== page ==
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Canadian Perspective: Questions from Newbie

Discussion in 'Canada' started by wayner, Oct 29, 2014.

  1. wayner

    wayner Active Member

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    I am going for a test drive of a Model S on Monday here in Toronto and I have some questions about the UI, some from a Canadian perspective.

    I believe the car uses a 3G/LTE connection to connect to the internet, etc. Do you bring your own SIM card and data plan or is that covered by Tesla?
    What carrier do they use - is it still Rogers? Can you merge this into your other Rogers plan(s) that you may have?
    Do they support LTE or only 3G?
    Does the car have to be connected to the 3G/LTE network to remotely turn it on, control climate, etc? I guess this often doesn't work in underground parking garages?
    Since the car connects to the internet does it act as a Wifi Hotspot?
    What audio source options are available? Sirius/XM? What about Spotify and streaming audio services?
    How does iPod/iPhone integration work?
    Does the car have email/SMS notifications? If so can it read these to you?

    thanks in advance...
     
  2. bonnie

    bonnie Oil is for sissies.

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    Moderator note: Moved to Canada regional forum, since the OP is asking for information specific to Canadian customers.
     
  3. RAM_Eh

    RAM_Eh Member

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    1- the car has its own 3g connection. I have had my car for 9+ months and I do not pay for it. The sales contract states I would have to pay after 3 months.
    2-unknown, they say it can connect to any network using gsm
    3- 3G at the moment
    4 - Yes it must see a 3G or wifi connection to be able to communicate with a smart phone app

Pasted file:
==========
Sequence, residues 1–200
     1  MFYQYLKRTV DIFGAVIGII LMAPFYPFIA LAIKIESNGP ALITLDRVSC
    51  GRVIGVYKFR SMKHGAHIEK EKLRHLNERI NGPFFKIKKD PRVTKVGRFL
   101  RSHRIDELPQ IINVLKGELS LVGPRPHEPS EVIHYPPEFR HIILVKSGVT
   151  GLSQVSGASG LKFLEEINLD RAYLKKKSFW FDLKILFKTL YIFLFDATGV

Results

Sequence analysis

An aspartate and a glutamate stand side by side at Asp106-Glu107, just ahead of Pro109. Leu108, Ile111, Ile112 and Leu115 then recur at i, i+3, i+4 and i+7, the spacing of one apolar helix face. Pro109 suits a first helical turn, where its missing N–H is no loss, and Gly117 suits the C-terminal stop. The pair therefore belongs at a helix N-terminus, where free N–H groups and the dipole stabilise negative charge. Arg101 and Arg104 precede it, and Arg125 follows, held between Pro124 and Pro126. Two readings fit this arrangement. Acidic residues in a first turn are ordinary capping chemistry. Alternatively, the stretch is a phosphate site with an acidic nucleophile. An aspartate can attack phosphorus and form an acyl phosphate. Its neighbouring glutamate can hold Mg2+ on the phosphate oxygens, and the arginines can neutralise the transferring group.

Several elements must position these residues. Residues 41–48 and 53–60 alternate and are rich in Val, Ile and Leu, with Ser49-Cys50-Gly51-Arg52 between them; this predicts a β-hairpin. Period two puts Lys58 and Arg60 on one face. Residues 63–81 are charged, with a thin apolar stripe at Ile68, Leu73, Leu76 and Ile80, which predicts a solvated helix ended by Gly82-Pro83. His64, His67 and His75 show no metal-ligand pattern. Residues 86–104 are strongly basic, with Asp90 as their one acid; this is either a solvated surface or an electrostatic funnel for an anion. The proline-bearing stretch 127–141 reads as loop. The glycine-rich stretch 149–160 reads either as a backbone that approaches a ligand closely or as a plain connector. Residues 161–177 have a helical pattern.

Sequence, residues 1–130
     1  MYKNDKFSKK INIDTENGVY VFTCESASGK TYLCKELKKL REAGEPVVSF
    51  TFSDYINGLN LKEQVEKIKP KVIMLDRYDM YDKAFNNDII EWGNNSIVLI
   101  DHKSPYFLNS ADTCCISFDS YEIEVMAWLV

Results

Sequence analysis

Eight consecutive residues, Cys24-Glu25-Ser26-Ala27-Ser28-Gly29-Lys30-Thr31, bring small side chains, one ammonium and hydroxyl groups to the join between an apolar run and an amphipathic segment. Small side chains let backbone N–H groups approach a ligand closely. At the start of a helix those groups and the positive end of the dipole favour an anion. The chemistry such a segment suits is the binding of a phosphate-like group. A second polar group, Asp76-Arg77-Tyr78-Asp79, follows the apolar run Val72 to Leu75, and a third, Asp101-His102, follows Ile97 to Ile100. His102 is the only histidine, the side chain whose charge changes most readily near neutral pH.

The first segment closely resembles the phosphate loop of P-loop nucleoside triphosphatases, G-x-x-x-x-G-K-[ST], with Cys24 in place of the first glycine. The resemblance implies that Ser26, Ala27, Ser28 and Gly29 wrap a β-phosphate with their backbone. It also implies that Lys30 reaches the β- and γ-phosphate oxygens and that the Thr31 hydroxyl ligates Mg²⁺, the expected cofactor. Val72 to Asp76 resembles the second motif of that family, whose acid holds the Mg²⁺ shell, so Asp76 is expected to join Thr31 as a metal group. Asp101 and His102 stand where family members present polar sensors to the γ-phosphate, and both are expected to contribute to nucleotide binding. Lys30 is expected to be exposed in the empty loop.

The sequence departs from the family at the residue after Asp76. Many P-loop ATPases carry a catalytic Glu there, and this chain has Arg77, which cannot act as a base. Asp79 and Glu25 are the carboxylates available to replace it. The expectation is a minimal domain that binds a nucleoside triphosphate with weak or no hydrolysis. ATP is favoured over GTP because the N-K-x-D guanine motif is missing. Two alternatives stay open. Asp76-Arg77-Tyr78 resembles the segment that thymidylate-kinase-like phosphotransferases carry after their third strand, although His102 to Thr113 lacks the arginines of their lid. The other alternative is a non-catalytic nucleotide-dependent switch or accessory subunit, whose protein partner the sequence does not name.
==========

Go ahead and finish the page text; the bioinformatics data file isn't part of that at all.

5- does not act as a hotspot
    6- Sirius xm and one Tuned in, that you must pay for. Comes with Slacker radio free. Sirius xm only available with the premium audio
    7- iphone work very well...restate the question. Ipod work well too.
    8 - no email capability. car will sms you with charging problems and notifications if it is setup to do so. Will not read it to you....yet.
     
  4. Doug_G

    Doug_G Lead Moderator

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    Tesla announced a while back that they would provide free 3G service for four years (despite what it says in the sales contract). The SIM card is built in.

    Tesla uses AT&T and the accounts are actually roaming in Canada - defaults to Rogers.

    3G, not LTE (so far).

    The car must be connected to 3G or WiFi in order to remote control it.

    Although Tesla used to talk about making it a hotspot, they've never turned that on and given the free data plans I suspect they never will. The car can connect to a WiFi hotspot though.

    Slacker comes free with the 3G. TuneIn and Sirius XM is available if you buy a subscription.

    iPhone/iPod works well. I don't use it much. You can also use a USB memory stick. Some people complain about the music navigation.

    Certain notifications will appear in the App. You can also use the VisibleTesla application (search on this forum to find it), and it does all kinds of email notifications. You can set it to email if your car exceeds a certain speed, for example.
     
  5. mknox

    mknox Well-Known Member

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    Slacker has, I believe, 3 subscription levels: Free, Basic and Premium. Tesla seems to have struck some sort of deal with Slacker and offers something with features between Basic and Premium for Tesla owners and provides this at no charge. You can pay for a Premium subscription and use your own credentials to log into the service from the car. As an example, the version of Slacker that Tesla provides will not let you select and play whole albums, but you can do this with a Premium subscription.

    Tunein has a free level of service that works great in the Tesla. You can manage your stations, favorites etc. on their web site and these settings are reflected in the car's interface.